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New institute to revolutionise cancer imaging and targeted radiotherapy

23 November 2017
World-leading centre for medical innovation

The Australian Cancer Research Foundation (ACRF) Image X Institute, lead by Professor Paul Keall, will revolutionise medical imaging, transform targeted radiotherapy and enable global access to radiotherapy.

The Australian Cancer Research Foundation (ACRF) Image X Institute, a world-leading centre for medical innovation, launches today at its University of Sydney headquarters at an event hosted by journalist and cancer survivor Julie McCrossin.

The work of the Institute will focus on creating new medical devices for cancer imaging and targeted radiotherapy. The Institute will provide a site and forum where academia, medicine, industry and government can advance the science and clinical practice of cancer treatment.

The ACRF Image X Institute will be led by Professors Paul Keall (University of Sydney), Michael Barton (Ingham Institute), and Associate Professor Michael Jackson (Prince of Wales Hospital), with a team of world renowned researchers and collaborators.

The Institute is funded by $2.5 million from the Australian Cancer Research Foundation and a further $25 million in research support.

There are three main research nodes in New South Wales including the University of Sydney’s Charles Perkins Centre; Liverpool Hospital’s Ingham Institute for Applied Medical Research; and Prince of Wales Hospital’s Nelune Comprehensive Cancer Centre.

“Our mission is to create, share and apply scientific knowledge to improve human health,” said Institute Director Professor Paul Keall, from Sydney Medical School at the University of Sydney.

“We will revolutionise medical imaging, transform functionally targeted radiotherapy and enable global access to radiotherapy.

“With world class expertise in bench-to-bedside translational research, an entrepreneurial focus and cross-disciplinary collaborations, the Institute will attract top tier researchers with a track record of pioneering technology.”

The $2.5 million funding from the Australian Cancer Research Foundation is supporting three unique cancer imaging and targeted radiotherapy devices. These include an MRI-Linac, a real-time cancer imaging and targeted therapy system; the Nano-X, a smarter, smaller cancer radiotherapy system and a robotic imaging machine to advance patient connected imaging. These devices will increase cure rates and reduce the human and economic costs of treatment-related side effects.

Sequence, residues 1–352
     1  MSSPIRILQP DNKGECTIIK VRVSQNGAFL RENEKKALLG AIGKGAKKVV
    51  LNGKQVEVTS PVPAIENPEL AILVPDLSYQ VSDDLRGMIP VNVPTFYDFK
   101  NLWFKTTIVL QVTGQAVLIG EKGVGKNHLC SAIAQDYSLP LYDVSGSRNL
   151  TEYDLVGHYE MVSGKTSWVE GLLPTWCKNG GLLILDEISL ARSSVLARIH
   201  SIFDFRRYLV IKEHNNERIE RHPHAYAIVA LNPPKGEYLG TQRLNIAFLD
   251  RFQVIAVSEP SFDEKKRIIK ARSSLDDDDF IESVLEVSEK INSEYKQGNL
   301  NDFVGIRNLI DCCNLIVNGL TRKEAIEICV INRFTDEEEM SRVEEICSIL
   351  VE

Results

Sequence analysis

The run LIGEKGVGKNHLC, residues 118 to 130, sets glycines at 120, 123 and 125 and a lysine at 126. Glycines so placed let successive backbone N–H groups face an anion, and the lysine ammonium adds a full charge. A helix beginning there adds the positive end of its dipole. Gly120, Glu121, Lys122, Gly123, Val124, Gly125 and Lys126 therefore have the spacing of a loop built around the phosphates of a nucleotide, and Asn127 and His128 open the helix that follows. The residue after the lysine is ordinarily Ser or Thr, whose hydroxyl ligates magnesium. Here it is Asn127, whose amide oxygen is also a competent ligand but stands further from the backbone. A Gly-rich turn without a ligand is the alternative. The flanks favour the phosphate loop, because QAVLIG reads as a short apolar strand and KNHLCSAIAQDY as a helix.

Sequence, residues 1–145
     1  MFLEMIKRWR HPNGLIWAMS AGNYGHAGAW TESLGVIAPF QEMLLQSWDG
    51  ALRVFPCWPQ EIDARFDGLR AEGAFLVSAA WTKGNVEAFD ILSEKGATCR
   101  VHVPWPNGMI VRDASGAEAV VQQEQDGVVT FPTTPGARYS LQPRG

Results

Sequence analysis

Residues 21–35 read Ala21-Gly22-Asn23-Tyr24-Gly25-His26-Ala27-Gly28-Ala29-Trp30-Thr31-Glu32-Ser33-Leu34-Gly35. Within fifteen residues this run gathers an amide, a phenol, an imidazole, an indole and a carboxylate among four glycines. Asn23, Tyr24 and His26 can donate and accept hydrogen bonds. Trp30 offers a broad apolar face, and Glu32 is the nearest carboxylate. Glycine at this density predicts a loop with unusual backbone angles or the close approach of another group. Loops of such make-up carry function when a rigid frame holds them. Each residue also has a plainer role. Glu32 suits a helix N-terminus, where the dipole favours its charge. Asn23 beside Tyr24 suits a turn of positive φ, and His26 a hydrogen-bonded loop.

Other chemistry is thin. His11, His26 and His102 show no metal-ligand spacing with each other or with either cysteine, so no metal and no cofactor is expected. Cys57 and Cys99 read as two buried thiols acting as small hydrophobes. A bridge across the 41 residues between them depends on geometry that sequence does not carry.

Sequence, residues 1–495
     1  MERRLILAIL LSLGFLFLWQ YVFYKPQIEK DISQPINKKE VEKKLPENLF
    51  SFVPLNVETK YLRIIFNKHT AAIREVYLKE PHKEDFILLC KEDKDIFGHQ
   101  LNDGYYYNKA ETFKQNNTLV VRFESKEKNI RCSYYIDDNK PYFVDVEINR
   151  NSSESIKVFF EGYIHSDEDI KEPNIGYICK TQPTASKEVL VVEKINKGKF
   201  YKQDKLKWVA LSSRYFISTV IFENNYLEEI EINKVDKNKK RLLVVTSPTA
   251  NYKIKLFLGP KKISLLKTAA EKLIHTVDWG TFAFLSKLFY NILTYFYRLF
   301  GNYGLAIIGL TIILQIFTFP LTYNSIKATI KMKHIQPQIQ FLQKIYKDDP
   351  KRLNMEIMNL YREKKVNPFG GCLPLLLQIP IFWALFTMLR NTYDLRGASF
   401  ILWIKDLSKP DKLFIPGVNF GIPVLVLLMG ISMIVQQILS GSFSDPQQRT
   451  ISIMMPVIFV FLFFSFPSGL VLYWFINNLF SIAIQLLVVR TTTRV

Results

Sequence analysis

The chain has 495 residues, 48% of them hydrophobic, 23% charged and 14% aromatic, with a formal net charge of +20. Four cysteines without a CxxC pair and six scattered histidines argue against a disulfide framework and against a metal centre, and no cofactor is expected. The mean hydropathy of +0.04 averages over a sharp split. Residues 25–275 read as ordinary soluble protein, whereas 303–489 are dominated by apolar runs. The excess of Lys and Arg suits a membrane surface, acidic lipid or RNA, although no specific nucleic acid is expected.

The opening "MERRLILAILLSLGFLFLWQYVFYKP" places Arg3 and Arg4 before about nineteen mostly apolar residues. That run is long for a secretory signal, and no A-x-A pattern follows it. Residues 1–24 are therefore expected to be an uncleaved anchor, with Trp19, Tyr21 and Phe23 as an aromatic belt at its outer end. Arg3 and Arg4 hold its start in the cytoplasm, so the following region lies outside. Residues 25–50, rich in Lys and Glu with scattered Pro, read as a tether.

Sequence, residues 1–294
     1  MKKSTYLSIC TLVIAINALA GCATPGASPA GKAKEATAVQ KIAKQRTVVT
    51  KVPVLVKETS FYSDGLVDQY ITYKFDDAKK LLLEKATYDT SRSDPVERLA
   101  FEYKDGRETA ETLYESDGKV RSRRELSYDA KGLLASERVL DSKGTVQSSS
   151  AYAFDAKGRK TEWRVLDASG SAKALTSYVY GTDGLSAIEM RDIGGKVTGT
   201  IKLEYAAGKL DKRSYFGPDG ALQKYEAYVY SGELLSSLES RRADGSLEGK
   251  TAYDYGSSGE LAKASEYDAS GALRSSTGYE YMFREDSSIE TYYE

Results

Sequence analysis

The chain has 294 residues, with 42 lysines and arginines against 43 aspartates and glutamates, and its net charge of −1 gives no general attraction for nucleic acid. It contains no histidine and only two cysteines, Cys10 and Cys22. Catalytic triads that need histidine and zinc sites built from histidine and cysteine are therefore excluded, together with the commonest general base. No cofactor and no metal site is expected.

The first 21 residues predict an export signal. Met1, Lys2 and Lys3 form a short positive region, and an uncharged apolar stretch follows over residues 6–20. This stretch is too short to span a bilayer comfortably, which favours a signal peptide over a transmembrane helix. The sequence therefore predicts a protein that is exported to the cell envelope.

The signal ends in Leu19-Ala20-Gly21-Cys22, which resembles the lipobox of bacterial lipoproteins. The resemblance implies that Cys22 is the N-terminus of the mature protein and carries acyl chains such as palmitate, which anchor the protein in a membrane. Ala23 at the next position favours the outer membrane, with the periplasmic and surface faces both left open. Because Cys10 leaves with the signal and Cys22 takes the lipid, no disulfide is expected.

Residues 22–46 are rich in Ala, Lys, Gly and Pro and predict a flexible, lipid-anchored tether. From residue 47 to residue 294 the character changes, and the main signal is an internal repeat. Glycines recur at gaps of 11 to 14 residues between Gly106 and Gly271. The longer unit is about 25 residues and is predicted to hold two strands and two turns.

“The ACRF Image X Institute has the potential to make significant advances in the delivery of radiation therapy worldwide,” said Professor Ian Brown CEO, Australian Cancer Research Foundation.

“Improvements in treatment accuracy will minimise harmful side effects and lead to improved patient outcomes. The development of new hardware will reduce the cost of equipment, giving more people, also in underserviced areas, access to treatment.

”ACRF is dedicated to funding innovative research in the pursuit of ways to prevent or more effectively treat cancer. The ACRF Image X Institute will have a worldwide impact and ACRF is proud to stimulate major advancements in radiotherapy.”  

The Institute currently has 270 papers published in top international journals, with six clinical world-firsts in research discoveries and technology, and 13 clinical trials taking place in Australian hospitals. There have been 25 commercial R&D projects, with 25 issued and filed patents, eight licenses issued and three spin off companies.

Cancer facts:

-        Cancer is the second leading cause of death globally, and late-stage presentation and inaccessible diagnosis and treatment are common.

-        With approximately 8.8 million deaths in 2015, cancer is the second leading cause of death globally with 24 million new cases expected by 2035.

-        Radiotherapy is indicated to treat half of all cancer patients.

-        The economic impact of cancer is significant and is increasing, estimated in 2010 at approximately US$ 1.16 trillion.

-        Around 70 per cent of deaths from cancer occur in low- and middle-income countries (World Health Organisation)

Kobi Print

Media and PR Adviser (Health)